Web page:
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    Entries in Colors! (8)


    Ham and Beans

    Last week I told you I’d show you a fabulous way to use your leftover ham from the holiday weekend. My favorite way to make use of it is ham and beans.  Heck, I’ve even been known to make a ham with the driving motivation being the subsequent pot o’ beans.  Although, I’ve also been known to make a roast just for the ‘leftovers’ French dip, so it’s possible my judgment is a little faulty.  Regardless, these beans are to die for.  In fact, my house smelled so good while making them that Otto was sure to keep his nose unobstructed so he wouldn’t miss one whiff.

    Here’s what you’ll need:

    Ham stock
    Ham bone
    Salt & Pepper

    I know there are no measurements listed there.  This is one thing where measurements just don’t really apply, but don’t be scared, I’ll show you how it’s done.  The first thing you need to do is sort through your beans and make sure there aren’t any pebbles or anything in there. 

    You can use any kind of bean you like.  I decided to go with this lovely 13 bean mix, my thought being, ‘Look at all those pretty colors.  That will make a beautiful soup!’.

    After checking them over, rinse them and cover them with plenty of water, then leave them overnight. 

    The next day, drain and rinse them.

    Then put them into a pan and cover with about 1 inch of water. Bring them to a boil, stirring occasionally.  After about an hour, I was starting to question my logic in choosing colorful beans.  The whole pot had just turned a kind of grayish brown color.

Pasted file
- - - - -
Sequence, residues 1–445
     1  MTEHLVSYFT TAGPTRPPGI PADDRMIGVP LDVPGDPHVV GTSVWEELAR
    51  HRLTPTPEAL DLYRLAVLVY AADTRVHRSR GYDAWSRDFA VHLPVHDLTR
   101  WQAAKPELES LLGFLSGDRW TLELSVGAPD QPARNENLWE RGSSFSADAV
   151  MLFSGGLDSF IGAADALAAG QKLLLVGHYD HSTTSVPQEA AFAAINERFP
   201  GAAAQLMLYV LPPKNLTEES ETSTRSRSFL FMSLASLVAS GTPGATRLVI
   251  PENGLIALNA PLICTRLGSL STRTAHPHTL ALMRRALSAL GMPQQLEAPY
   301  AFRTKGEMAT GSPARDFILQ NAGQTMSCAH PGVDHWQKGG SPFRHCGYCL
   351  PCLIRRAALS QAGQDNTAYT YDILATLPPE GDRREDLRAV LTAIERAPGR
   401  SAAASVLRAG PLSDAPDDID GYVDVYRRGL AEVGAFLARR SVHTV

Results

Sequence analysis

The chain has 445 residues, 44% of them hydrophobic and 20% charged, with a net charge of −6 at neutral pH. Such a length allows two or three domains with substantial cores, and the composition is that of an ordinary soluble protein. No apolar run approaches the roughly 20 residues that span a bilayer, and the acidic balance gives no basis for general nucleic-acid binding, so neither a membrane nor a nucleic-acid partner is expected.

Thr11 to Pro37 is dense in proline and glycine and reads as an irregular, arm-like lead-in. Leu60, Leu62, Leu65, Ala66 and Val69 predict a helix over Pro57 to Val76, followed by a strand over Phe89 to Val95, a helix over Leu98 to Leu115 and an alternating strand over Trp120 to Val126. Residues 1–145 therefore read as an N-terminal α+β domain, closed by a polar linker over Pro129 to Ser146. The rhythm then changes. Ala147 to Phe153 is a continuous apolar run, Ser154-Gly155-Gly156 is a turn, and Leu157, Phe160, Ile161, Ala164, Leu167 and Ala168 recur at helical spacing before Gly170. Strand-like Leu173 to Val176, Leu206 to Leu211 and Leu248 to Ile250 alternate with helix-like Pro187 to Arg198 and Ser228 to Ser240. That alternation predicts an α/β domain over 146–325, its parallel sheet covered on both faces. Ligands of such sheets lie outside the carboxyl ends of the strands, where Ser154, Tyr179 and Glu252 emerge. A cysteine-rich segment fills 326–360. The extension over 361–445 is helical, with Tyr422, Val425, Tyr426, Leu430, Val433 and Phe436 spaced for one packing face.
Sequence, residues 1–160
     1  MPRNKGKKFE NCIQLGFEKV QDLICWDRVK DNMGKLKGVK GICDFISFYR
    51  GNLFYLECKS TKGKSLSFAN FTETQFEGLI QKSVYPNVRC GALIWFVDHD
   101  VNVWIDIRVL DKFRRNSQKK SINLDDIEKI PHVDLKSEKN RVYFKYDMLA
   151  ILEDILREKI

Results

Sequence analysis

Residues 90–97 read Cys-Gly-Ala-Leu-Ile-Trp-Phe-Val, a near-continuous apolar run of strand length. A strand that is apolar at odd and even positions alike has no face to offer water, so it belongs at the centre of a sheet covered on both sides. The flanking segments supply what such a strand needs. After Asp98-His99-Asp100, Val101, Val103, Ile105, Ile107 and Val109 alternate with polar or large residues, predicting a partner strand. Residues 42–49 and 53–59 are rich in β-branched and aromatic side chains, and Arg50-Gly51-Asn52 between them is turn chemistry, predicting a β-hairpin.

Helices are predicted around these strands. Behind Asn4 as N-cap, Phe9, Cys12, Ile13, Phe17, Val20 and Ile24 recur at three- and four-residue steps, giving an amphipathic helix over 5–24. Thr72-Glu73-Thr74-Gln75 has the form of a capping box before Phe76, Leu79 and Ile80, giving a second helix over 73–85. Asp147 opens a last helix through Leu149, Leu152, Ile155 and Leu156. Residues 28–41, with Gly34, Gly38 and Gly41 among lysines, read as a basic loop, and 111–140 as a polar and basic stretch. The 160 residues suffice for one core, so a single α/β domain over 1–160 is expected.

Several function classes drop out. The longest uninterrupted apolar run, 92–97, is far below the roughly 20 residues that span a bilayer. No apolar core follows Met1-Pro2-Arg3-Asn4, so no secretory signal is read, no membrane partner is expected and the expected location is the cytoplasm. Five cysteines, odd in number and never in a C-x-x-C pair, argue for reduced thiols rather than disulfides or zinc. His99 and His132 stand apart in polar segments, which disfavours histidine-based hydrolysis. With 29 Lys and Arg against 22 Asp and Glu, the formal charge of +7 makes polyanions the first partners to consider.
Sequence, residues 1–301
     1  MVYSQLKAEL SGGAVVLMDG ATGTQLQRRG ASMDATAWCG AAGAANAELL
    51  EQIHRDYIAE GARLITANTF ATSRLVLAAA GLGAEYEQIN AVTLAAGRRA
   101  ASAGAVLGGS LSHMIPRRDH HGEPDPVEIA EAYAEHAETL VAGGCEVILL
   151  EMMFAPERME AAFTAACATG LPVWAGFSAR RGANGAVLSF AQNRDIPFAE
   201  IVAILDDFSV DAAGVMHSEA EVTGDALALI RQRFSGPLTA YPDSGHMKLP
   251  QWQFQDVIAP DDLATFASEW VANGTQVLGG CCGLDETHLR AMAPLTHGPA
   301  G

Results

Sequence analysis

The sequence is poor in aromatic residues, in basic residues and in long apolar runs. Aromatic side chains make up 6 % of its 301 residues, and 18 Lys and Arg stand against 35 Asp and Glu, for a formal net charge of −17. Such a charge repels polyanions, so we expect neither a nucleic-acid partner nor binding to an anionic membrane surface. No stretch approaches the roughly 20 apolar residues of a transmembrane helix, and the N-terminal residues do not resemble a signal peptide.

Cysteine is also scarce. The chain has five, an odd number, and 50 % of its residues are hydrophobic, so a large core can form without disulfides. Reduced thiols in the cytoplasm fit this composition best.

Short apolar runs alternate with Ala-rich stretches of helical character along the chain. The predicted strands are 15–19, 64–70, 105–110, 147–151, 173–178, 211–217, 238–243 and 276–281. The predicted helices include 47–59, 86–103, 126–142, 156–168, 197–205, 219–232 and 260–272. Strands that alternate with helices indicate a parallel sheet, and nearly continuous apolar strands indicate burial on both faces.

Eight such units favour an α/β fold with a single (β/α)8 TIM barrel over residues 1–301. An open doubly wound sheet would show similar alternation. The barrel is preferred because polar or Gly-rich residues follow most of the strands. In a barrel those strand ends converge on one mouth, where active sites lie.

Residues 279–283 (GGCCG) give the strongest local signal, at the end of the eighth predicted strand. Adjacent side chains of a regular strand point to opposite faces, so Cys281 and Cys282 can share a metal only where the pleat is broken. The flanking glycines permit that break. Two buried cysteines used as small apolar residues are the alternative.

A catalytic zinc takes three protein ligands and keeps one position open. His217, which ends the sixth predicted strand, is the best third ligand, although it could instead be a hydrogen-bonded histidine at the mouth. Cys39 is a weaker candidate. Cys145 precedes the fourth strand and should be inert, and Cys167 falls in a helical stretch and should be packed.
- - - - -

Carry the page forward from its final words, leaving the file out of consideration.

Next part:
When they’ve simmered for about an hour, they should be mostly tender.  This is a good time to add your ham bone.  If you haven’t recently made a ham, you could use a couple of ham hocks instead. 

    Simmer for another hour, stirring occasionally to make sure the beans don’t start to stick to the bottom of the pan.  Add the celery, onion, and garlic to the mix and continue stirring and simmering.  If it gets too thick at any point, go ahead and add more water. 

    After another hour, it should be getting thick, and the beans should be starting to fall apart. 

    Time for the secret ingredient that makes these absolutely amazing.  Ham stock. 

    What is ham stock?  It’s the liquid that cooks off of your ham.  In my case, that usually also includes pineapple juice, brown sugar, and spices.  Anytime you make a ham, always save the liquid and bone.  If you’re not going to use them right away, freeze them.  So, once the ham stock is in, dice up some ham. 

    Stir it into the pot and cook it for about 20 minutes. At this point, the beans should be thick, creamy, and delicious.  Check for seasoning, adding salt and pepper if necessary. 

    So much for my theory of colorful beans being pretty. 

    The whole pot ended up brown, but oh well.  After smelling these all day, color hardly matters.  I still like the bean mix anyway.  It brings different sizes and textures to the mix, and the lentils and split peas totally break down and help thicken it. 

    I don’t really have any serving suggestions… perhaps pair it with bread?  Personally, just give me a bowlful and a spoon, and I’m happy. 

    What food do you make just for the leftovers?




    A Little Somethin' Froggy on the Side